Also notice the plastic. I spilled a drop of coffee on the floor yesterday and had to sand it out. Unfinished oak is like a sponge.

For some reason, when the previous owners remodeled the breakfast room they made the floor joists 1/4 inch higher than the kitchen floor joists. They compensated by using 1/2 inch plywood (instead of the standard 3/4 inch) for the subfloor. This decision caused the breakfast room floor to eventually sag and bounce around like a trampoline. I hope they can live with themselves.

Because I don't want to do this project again any time soon, I put a 3/4 inch subfloor in the breakfast room, making it 1/4 inch higher than kitchen, just enough to trip you if you are one of those people who just shuffles along, probably with bad posture and a bleak outlook. Please. Cheer up a little bit.

Here's a picture of the strip of oak I made yesterday to join the two rooms. I spent about 30 minutes making this piece, shaping just to fit the breakfast room (in the upper portion of the picture) and sloping down into the kitchen. I asked Cheryl if she thought I should nail it down (which might split the wood and cause me grief) or glue it down. I wondered if she would call me a wuss and dare me to nail it. But she recommended gluing it. Willow still refuses to comment.

Cheryl and I had an early anniversary dinner last night at a Brazilian restaurant. We had a very nice time. I remain the luckiest guy ever.

Thursday, October 2, 2008

3 by 4 by 7

Yesterday in yoga class I was compelled to recognize how I had blown my inner peace. Anger is a poison that you give to yourself hoping to affect someone else. Martha, our instructor, is a really sensible, down-to-earth person, and she says these things (reading from various books) at the end of class while we are in Savasana.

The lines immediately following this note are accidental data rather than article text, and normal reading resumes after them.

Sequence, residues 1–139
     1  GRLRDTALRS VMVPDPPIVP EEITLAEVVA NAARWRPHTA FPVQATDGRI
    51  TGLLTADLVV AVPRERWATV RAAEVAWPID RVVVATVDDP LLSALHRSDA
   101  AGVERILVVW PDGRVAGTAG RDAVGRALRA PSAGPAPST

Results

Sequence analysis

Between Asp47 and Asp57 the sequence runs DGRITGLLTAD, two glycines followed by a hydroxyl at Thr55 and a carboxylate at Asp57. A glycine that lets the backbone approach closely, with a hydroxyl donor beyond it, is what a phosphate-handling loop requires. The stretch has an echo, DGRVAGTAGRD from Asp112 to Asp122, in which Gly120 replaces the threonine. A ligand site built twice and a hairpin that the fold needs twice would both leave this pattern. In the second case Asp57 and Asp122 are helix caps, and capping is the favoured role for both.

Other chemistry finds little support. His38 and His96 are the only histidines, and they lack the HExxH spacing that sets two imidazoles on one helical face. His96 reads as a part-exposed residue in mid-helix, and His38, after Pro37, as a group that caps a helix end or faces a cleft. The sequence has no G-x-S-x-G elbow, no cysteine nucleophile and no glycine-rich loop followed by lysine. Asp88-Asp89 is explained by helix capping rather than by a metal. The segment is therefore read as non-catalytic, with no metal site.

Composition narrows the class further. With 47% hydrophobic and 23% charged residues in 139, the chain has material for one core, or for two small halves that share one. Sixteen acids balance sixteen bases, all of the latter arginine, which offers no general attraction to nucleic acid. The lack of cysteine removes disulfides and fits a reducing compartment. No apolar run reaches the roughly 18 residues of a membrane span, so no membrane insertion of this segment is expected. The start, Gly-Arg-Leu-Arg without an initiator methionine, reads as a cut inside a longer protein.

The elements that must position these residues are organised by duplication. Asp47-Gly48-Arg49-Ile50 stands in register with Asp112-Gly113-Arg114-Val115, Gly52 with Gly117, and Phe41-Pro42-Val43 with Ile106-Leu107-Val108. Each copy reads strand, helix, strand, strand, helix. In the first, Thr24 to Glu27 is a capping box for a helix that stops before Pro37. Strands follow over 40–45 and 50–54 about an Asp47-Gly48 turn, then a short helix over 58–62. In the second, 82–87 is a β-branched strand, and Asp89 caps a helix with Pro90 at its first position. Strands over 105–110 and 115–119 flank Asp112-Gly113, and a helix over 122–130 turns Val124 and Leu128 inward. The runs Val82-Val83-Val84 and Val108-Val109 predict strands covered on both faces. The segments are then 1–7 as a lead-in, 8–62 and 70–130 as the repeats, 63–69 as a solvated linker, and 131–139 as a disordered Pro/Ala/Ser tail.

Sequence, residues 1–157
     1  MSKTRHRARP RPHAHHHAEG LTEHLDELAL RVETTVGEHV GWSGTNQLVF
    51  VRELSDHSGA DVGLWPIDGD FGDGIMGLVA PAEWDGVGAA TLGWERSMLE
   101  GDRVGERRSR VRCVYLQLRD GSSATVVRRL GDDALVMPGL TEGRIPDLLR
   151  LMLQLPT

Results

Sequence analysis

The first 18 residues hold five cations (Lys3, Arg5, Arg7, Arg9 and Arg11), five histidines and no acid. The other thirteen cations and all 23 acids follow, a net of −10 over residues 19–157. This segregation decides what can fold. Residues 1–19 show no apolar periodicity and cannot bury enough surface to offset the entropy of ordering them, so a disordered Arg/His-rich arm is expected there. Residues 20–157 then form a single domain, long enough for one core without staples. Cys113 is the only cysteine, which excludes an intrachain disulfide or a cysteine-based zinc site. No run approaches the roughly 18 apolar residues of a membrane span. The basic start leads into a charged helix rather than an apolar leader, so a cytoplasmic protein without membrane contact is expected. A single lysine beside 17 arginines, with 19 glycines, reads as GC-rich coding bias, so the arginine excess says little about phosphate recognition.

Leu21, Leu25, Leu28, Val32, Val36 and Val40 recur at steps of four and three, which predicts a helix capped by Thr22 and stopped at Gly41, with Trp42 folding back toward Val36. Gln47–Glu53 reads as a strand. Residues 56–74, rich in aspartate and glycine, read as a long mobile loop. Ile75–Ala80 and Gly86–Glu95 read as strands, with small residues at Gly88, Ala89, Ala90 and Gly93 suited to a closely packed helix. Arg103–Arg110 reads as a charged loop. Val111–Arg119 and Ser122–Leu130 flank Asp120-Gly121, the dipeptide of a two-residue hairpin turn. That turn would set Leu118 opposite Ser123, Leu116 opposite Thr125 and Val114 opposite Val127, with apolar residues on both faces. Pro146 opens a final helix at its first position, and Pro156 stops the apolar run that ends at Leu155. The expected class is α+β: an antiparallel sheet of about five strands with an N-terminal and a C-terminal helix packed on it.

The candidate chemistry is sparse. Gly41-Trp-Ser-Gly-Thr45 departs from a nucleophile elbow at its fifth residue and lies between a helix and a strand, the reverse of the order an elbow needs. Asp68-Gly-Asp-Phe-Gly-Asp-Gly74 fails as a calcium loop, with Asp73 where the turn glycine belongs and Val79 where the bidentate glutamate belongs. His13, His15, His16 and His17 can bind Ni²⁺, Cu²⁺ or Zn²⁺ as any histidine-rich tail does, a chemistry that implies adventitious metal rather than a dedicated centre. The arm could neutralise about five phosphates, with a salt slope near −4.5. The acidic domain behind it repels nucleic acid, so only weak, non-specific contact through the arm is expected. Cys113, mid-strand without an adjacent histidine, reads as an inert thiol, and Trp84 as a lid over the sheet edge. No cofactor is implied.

It all started when I realized that the lumber store (a national chain of discount lumber) had short-changed me. The boards come in bundles, and it seemed like a lot of wood when I went to pick it up. So I didn't realize the problem until Tuesday. The facts were simple: I ordered 335 square feet and they gave me 265.

I've read that our brains are segmented according to evolutionary stages. The primative part of the brain prompts us to breathe and reacts to pain and pleasure. The newer part tends to favor one book over another and makes us want to be cool. When we get into unfamiliar territory, like cavemen lost in the woods at night trying to get back home, we tend to rely on the older part of the brain.
I had the facts straight when I called the lumber store. The bundles are 3 boards wide, 4 boards deep and 7 feet long. We learned this math in grade school so I didn't expect an argument. But on the phone the store manager assured me that I was wrong. He said he was looking at the paperwork from the home office--it was the final word. I tried to walk him through the math, and he would follow me to the end but then retreat into denial. The man was either a fool or...
Then something in the brain snapped. You do this for a living, goddammit! I shouted into the phone. I won't repeat the rest of the conversation. I did threaten to sue him at some point, so I can assume that the newer part of my brain also got in on the act. If reincarnation is a reality, I probably have moved from coming back as a toad to coming back as a worm.
About 30 minutes later I got a call from the regional supervisor who apologized, and today I will go to pick up the extra wood. May God have mercy on my soul.